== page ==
Everyone knows beauty is in the eye of the beholder, but what about monstrousness? Surely monstrousness is far more substantial and objective than the wispy, nebulous beauty that exists nowhere but our own minds? It's all about the bulging body parts and too many legs. Even scientists can see that.
Thus we have monstrosa, Latin for monster.
So let's check out some scientifically confirmed (with real science and white lab coats) monsters. By their name we shall know them. Or their face.
Isn't this how it usually works in computer games?
The Black Lava Lizard is small and throws stones at you. The Yellow Lava Lizard looks identical but it's slightly bigger and sets the stones on fire before throwing them at you. And the Red Lava Lizard is even bigger but it breathes fire.
Batwing, the world's most unlikely superhero, wraps his mighty parapodia about him as he casts his protective eye over the citizens of Sponge City. His pointy head stands to attention as his dark and violent thoughts are interrupted by a shriek of terror far below.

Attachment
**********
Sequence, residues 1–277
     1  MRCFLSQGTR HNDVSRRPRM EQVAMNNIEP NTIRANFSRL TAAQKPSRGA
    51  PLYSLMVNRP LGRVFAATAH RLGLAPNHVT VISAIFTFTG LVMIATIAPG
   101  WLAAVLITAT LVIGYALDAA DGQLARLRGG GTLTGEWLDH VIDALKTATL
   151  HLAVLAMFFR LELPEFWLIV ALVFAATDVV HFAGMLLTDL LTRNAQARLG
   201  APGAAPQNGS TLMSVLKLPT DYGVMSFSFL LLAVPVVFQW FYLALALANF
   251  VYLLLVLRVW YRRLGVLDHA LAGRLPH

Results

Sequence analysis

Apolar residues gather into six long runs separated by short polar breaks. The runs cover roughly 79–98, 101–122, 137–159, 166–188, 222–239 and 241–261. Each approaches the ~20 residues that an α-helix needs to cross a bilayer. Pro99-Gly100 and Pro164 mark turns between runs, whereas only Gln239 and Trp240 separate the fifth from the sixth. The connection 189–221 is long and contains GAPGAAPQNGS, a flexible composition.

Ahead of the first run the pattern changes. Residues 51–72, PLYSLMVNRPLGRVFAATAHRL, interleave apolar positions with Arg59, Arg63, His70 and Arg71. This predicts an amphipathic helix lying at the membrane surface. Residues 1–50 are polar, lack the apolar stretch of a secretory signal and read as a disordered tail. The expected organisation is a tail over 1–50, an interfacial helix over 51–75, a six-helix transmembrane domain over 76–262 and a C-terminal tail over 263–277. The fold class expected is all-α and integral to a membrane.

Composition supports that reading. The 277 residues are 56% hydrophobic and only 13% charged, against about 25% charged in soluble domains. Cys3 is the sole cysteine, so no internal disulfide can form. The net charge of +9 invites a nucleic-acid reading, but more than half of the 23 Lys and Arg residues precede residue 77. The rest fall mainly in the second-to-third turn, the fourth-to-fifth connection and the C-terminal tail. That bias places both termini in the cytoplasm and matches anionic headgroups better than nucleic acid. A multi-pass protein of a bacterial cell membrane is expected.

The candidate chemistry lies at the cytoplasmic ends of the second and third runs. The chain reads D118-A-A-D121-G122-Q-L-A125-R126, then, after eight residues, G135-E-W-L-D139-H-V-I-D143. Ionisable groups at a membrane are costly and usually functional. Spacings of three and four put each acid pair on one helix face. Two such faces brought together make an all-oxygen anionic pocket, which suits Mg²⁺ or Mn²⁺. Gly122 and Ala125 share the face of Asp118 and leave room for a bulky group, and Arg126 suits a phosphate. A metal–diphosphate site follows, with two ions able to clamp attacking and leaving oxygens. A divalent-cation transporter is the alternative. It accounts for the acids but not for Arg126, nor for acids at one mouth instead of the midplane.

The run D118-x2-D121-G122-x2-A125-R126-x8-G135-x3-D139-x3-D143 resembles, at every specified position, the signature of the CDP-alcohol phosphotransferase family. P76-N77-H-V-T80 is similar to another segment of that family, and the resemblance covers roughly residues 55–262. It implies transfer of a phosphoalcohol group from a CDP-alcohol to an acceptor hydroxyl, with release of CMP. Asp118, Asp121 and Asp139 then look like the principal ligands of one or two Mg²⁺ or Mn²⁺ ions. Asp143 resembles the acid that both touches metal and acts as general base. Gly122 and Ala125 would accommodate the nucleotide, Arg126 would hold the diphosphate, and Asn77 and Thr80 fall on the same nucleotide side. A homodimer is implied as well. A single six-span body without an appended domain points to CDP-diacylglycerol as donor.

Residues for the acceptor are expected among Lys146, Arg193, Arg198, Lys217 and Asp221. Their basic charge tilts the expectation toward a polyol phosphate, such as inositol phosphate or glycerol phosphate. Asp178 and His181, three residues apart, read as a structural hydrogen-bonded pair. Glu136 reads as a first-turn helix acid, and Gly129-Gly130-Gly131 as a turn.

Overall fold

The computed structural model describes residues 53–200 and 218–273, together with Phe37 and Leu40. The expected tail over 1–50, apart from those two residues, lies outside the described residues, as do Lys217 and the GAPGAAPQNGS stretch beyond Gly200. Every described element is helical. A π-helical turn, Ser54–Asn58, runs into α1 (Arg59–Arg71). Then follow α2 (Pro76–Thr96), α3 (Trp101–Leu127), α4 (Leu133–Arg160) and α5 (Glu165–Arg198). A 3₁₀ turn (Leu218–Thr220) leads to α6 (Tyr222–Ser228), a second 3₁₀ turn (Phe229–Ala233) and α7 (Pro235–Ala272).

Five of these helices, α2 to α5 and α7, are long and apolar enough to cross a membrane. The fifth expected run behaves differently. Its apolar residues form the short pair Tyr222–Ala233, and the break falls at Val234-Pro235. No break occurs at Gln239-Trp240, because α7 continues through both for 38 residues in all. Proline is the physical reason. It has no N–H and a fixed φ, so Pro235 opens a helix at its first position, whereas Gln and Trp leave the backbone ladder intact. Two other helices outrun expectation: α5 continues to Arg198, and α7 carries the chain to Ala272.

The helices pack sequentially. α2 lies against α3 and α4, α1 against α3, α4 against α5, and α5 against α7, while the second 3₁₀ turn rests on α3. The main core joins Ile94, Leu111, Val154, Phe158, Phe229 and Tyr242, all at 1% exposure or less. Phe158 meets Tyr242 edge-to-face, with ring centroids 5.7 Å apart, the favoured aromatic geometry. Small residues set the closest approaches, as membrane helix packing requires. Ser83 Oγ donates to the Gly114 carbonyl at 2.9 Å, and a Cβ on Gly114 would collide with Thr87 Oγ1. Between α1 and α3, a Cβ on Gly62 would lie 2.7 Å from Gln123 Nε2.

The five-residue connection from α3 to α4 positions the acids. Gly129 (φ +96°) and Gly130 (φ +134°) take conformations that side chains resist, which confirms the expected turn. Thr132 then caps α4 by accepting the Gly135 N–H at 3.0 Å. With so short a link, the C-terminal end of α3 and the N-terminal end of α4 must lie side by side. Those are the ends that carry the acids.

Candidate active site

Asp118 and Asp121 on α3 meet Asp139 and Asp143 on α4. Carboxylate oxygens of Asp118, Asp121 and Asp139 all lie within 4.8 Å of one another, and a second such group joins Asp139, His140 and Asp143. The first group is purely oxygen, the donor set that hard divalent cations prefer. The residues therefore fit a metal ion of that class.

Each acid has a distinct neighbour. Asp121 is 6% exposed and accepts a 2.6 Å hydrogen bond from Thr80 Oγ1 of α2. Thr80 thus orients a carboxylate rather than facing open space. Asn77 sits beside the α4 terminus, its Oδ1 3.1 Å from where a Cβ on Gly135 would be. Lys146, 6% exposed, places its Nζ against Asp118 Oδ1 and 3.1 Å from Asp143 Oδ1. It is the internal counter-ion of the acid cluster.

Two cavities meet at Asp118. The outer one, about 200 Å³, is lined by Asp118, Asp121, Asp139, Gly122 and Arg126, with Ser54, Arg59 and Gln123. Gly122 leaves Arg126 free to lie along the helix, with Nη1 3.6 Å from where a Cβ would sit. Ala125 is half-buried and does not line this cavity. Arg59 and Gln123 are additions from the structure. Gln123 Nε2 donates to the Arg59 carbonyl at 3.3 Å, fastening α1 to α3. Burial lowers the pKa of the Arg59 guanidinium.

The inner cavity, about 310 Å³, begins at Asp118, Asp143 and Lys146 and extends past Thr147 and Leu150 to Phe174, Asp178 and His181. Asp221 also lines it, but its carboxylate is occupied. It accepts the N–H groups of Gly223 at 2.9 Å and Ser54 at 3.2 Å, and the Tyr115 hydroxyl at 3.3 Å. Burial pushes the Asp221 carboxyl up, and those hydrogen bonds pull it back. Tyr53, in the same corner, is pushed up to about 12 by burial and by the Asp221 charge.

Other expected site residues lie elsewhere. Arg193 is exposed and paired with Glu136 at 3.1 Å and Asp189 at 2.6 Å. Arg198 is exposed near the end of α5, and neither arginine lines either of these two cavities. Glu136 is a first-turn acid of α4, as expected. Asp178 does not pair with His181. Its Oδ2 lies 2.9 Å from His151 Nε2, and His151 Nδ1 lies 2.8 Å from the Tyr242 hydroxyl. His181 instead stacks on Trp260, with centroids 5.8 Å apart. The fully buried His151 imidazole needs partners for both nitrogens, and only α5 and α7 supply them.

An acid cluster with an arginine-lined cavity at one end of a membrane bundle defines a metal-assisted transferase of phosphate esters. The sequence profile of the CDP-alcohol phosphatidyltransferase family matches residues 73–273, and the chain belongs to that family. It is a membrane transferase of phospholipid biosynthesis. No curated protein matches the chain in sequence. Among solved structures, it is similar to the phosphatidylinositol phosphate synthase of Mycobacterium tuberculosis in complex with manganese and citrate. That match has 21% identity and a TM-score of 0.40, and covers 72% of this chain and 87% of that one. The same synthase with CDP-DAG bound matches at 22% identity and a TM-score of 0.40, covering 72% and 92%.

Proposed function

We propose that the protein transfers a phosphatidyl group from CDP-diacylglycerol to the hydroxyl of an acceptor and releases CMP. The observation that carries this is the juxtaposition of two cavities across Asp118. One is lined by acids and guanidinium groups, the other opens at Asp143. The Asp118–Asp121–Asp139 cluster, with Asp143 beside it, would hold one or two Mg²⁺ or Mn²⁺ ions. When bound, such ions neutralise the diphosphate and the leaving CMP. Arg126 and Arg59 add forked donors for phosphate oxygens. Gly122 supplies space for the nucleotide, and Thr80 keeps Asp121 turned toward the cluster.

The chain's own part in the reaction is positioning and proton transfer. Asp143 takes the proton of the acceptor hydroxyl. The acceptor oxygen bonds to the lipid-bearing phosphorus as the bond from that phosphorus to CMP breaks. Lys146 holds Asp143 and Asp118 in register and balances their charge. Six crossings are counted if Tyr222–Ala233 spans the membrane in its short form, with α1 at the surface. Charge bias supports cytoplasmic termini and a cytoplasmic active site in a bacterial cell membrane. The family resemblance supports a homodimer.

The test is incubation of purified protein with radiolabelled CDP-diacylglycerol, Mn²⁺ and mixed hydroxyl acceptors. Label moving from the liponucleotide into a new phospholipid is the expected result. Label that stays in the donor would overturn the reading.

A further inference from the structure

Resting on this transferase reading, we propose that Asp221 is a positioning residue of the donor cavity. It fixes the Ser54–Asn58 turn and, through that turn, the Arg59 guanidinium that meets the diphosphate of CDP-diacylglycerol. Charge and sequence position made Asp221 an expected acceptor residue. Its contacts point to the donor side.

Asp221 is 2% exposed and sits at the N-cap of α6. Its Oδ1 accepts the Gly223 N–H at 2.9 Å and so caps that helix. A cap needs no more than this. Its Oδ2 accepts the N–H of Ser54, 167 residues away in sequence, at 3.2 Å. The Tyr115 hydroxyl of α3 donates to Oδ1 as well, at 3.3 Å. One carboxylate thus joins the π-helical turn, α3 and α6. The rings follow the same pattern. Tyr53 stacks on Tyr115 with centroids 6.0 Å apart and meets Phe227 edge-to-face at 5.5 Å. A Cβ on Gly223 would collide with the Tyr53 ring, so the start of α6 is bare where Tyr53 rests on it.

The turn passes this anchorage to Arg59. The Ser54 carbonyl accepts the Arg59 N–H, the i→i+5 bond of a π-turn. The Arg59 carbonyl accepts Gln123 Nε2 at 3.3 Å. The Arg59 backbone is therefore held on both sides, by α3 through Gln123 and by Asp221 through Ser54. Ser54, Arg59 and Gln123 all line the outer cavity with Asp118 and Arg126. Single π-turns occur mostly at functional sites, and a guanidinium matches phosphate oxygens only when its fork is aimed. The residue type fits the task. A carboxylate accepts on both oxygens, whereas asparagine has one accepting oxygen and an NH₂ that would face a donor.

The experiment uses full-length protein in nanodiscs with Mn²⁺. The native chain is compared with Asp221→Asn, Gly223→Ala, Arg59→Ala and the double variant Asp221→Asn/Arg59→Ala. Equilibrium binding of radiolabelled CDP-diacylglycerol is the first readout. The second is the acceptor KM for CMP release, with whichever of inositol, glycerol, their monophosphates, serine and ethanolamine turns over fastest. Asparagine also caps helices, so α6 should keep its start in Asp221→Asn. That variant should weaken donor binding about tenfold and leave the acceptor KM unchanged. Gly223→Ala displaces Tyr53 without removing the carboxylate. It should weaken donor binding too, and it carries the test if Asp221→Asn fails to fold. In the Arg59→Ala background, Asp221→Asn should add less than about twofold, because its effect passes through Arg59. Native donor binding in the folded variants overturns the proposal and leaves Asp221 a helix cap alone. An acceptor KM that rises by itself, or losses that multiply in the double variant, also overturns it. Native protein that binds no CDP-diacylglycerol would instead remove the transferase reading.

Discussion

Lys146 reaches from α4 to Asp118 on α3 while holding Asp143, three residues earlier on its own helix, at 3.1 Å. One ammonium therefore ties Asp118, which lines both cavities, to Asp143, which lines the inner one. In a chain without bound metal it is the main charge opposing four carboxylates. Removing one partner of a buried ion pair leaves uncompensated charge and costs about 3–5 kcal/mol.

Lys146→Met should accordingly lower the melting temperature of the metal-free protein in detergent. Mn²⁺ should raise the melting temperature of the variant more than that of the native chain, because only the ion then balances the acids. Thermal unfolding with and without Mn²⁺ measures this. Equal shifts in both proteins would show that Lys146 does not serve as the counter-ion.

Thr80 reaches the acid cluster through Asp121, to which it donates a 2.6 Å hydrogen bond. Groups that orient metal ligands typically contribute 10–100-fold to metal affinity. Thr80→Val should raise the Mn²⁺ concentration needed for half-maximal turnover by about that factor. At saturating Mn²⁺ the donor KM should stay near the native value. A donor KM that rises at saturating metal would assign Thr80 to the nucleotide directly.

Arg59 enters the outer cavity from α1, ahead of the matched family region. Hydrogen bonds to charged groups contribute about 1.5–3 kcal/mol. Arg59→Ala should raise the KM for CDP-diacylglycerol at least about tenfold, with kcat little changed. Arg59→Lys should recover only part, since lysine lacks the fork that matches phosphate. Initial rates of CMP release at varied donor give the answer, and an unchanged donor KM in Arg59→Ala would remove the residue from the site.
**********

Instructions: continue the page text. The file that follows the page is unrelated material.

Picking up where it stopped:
He sets his gory daydreams aside and sighs as he dons his most disarming smile and swoops down to give a wayward youth a good, avuncular talking to.
Just another day in the life of your friendly, neighbourhood, customer focused crime cessation officer.
Horror of all horrors! Quetzalcoatl, feathered serpent of Venus, has finally grown weary of the enraging lack of human sacrifice. Watch as the lord of storm descends upon us. His mighty wings block the sun. We are engulfed in darkness as the sky is torn asunder and the rains of flood and winds of tempest strike at the pitiable earth.
Woe to us all! Who among us will be the first sacrifice? For the plumed snake hungers for human flesh.